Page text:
By Edward Nawotka
America, watch out. In an attitude switch from recent years, foreign publishers are looking at ways to create market opportunities and exploit the rich digital market in the US. And it starts with the devaluing of foreign rights deals by the growing e-book distribution markets across the globe.
“Territorial rights barriers can’t stand and are falling,” said David Cully, President of retail markets and EVP of Merchandising for US book distributor Baker & Taylor during yesterday’s Publishers Launch conference as part of BookExpo America. “When a book goes on sale, it goes on sale — if you go online on the internet, rights are being violated each in their own way. I think the market will deal with it financially. Publishers are recognizing that the rights they once acquired, will have a different value.”
To this point, Javier Celaya, CEO and Founder of Spanish consulting firm Dosdoce, noted that this isn’t simply the case overseas and the United States is seeing it’s own disruption. “A lot of European publishers are holding on to their own rights in an effort to create their own markets.” While the United states has “no tradition of translation, and those books that are translated are considered ‘difficult’ books,” overseas in markets like Spain, France and Italy as many as 30-40% of all books are translations.
This means that publishers from these markets have the skills to translate and market those books, and the US is likely to see even more competition coming from overseas.
“The US is already a crowded market, but it’s going to have foreign publishers coming to this market with English books or their own versions as they are looking at creating new market opportunities, said Celaya. “And they will come with new authors with American sounding commercial names. They have the clout and business structure to deliver that product.”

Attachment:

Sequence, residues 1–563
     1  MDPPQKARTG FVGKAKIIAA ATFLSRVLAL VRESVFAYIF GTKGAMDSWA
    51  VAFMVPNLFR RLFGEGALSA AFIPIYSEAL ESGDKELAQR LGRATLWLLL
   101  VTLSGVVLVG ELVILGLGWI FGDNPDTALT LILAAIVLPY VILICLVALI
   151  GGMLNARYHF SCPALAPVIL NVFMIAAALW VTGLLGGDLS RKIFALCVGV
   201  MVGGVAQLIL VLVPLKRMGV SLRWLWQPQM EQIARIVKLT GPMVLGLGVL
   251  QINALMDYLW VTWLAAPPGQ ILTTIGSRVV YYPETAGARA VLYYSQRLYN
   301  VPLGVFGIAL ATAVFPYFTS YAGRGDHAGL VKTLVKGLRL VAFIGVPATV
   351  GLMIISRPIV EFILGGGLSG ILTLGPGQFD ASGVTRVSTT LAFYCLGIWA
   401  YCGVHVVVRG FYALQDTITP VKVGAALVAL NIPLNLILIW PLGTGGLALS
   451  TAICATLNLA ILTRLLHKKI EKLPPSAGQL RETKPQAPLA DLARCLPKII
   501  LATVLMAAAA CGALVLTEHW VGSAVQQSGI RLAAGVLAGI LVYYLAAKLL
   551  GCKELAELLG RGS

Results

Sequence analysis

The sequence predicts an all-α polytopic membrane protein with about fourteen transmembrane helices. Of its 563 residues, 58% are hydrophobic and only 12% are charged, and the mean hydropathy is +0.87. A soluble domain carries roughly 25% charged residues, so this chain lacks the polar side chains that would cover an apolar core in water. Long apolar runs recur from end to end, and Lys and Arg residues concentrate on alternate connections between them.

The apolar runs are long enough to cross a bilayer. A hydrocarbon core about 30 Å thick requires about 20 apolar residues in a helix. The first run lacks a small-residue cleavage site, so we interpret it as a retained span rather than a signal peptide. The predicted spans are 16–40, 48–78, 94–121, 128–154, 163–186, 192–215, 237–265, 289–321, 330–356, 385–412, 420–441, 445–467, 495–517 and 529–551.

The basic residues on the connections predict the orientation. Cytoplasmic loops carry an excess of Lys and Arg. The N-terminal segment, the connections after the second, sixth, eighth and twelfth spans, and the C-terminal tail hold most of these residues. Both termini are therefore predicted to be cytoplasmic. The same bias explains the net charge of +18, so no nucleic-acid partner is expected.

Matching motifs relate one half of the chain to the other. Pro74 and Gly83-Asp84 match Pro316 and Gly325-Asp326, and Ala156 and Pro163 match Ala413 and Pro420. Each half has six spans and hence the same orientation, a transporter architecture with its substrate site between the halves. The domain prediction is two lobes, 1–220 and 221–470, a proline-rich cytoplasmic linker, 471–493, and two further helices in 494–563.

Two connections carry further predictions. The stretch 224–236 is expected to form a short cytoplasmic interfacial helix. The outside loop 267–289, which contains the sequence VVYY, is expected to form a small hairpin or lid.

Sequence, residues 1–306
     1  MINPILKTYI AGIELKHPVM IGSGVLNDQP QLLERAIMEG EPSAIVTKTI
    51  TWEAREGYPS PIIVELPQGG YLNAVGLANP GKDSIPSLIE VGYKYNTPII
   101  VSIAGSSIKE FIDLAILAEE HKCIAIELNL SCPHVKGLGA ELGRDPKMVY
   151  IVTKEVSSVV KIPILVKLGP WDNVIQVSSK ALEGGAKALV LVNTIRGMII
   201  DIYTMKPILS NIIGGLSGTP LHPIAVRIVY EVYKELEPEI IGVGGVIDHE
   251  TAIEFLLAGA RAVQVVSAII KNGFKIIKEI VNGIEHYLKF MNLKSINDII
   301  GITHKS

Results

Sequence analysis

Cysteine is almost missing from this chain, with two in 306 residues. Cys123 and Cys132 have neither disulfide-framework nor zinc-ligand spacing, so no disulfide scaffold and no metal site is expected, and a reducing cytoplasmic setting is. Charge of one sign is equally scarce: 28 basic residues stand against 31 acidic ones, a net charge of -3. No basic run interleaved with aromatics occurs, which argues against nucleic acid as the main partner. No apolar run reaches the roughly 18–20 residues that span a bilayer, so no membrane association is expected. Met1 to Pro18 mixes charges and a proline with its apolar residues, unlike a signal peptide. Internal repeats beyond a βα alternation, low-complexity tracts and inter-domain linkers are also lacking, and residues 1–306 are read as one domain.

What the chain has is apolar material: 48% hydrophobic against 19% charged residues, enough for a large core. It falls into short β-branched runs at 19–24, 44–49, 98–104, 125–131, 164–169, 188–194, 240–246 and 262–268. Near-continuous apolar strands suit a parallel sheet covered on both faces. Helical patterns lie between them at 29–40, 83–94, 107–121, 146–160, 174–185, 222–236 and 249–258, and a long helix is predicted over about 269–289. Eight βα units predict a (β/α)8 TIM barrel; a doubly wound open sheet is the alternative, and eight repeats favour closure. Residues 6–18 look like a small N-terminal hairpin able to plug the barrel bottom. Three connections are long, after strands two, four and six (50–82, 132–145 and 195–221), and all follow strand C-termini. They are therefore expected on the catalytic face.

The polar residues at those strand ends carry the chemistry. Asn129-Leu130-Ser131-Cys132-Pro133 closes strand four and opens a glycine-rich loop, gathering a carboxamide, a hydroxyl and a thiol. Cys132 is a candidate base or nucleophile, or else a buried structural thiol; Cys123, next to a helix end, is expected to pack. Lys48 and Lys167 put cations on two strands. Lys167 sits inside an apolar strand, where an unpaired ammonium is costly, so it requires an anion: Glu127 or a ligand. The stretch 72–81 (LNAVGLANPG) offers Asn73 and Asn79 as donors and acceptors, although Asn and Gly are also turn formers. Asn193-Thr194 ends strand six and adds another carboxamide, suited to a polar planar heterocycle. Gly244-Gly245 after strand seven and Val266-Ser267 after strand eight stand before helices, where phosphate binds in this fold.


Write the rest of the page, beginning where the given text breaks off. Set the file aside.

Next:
One example of that was offered by Blanca Rosa Roca, director of Barcelona’s Roca Editorial, which has partnered with Open Road Media to bring Spanish books and English-language translations to the American market under the brand name Barcelona EBooks. “We choose the books that we know have been successful in other countries around the world and will bring them to this market.”
But there remains an indigenous market for foreign language material, as proven by the sales of titles on Barnes & Noble’s NOOK, where a vast library of foreign language material is available for immediate download.
Patricia Arancibia, Editorial Director of International Digital Content at NOOK, Barnes & Noble’s digital e-book division, said, “For a long time, the British and the Americans were the international brands. If you wanted to sell a mystery, it was likely going to British. If you wanted a romance, it was likely to originate from English. But that has changed.”
She identified Russian and German publishers as especially keen to reach American readers, a point underscored by the 17% of Americans have a German background.
But in the American market — where as much as 15% of the population speaks Spanish — books in Spanish represent a particularly fertile opportunity. “There are more people speaking Spanish in the United States than in Spain,” said Arancibia, who noted that it was books from Latin America — titles on current events and biographies for example — that are among the top selling titles in this category. “The truth is that all over the world, fiction has been digitized faster than fiction, so that is skewed. We are dealing with that bias.”
Unfortunately, pricing remains an obstacle. “Right now Spanish language e-books coming from Spain are 40-60% more expensive than the same in English, which is discouraging. German and Italian sells at a slightly higher rate than English titles, but when it’s much higher, you’re out of market.”